(Cross-posted to Out of Left Field.)

Canadian universities stuck with old beliefs, says author (The Canadian Press)
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1 comment:

  1. Thoughtful post, Neate. I knew once I saw "Canadian universities stuck with old beliefs" as a Google Alert that you'd be all over it.

    One line caught my eye from the CP story: "Watson interviewed people who felt that allowing athletic scholarships would lower an institution's academic standards."

    This line of argument has two main components:

    1) "You can't let a bunch of dumb jocks into every school."

    It's true that not every athlete gets fabulous grades. To most of them, going to class is just hoop-jumping, and to some, academics don't matter at all. So? How is that different from non-athletes?

    Scholarships make the difference, I suppose. It does seem unfair that someone who cares about school would have to pay their way if you're giving money to a goaltender who has no intention to graduate.

    Solution: the easy way to deal with that is to have the same (or very close) academic standards for everyone, athlete or no athlete, but that's why the US is more attractive for those who want to turn pro and don't care about graduating.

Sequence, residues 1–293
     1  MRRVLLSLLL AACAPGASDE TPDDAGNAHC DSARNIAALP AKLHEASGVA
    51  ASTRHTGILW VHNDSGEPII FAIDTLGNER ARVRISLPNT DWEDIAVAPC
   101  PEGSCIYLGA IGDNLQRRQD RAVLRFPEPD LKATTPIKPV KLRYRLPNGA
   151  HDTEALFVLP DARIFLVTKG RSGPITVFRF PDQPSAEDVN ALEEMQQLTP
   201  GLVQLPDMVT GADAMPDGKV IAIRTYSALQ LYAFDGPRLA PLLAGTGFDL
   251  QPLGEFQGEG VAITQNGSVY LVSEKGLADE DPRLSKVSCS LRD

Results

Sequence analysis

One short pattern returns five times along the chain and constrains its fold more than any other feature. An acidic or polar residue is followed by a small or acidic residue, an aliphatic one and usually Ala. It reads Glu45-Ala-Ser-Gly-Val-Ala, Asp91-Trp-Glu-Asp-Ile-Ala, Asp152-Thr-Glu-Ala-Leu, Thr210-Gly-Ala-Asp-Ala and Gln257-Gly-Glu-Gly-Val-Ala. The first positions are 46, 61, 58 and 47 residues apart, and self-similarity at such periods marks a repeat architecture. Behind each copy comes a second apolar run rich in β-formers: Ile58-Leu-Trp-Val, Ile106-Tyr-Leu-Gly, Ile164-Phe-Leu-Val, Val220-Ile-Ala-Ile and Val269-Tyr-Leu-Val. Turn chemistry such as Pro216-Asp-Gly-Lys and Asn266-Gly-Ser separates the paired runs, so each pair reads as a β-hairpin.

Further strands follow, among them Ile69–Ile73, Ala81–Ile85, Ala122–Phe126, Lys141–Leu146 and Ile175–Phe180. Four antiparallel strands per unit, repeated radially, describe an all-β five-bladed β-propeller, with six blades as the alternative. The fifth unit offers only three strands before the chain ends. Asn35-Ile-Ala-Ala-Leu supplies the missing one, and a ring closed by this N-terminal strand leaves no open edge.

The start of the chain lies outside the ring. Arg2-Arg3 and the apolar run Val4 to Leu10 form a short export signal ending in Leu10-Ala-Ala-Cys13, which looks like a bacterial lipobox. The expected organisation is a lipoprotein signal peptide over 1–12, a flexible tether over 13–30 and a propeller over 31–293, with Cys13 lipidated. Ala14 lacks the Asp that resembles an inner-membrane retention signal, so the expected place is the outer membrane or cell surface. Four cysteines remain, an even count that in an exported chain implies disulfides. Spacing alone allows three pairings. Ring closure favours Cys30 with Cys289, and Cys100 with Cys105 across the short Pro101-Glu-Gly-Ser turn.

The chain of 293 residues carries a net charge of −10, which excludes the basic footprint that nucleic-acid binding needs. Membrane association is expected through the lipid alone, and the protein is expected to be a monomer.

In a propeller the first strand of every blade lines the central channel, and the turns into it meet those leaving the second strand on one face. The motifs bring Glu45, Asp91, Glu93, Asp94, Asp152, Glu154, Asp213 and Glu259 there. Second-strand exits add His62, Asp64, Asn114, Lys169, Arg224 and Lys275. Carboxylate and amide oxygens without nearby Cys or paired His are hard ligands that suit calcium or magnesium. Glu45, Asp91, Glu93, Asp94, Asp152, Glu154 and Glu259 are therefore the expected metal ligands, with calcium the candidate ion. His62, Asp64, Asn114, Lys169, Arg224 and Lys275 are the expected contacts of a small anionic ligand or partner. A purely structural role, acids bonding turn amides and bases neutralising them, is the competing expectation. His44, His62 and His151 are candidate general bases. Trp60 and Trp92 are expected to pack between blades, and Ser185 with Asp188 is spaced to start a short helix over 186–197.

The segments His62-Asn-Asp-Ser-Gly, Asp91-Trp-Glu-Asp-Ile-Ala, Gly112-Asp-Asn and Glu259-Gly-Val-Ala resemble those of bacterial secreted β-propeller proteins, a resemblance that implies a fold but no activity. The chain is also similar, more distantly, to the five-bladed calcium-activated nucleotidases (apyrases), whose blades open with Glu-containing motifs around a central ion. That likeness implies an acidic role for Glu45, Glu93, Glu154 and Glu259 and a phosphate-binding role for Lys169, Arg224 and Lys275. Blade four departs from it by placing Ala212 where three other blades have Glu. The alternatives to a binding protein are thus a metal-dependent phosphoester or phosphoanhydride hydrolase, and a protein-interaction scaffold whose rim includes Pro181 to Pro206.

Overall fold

I admit this doesn't necessarily help the "keeping our best athletes in Canada" issue, but that's not an issue of scholarships. Attendance for university/amateur sports is pretty low, and the media coverage isn't great.

    This is where writers like Layson and Chad Lucas come in, and hopefully their efforts will reduce the number of people who fill out their March Madness bracket even though they don't know where Gonzaga is, and increase the number of people who can tell you who Dave Smart is.

    2) "They're here to learn, not play sports."

    People who think that probably haven't thought it through. Yes, you can read Kant and Mill or study biochemistry all you want, but if you're looking to hire someone who can deal with egos and interpersonal problems in small-group settings, and has superb time-management skills, you could do worse than interviewing a former varsity athlete.

    So yeah, I'm all for scholarships, given that they actually have reasonable academic requirements attached. (There's that Canadian middle-ground again!) There are already plenty of people at university who shouldn't be there, and 99% of them aren't on any sports team. The few athletes who don't care about school won't make much of a difference.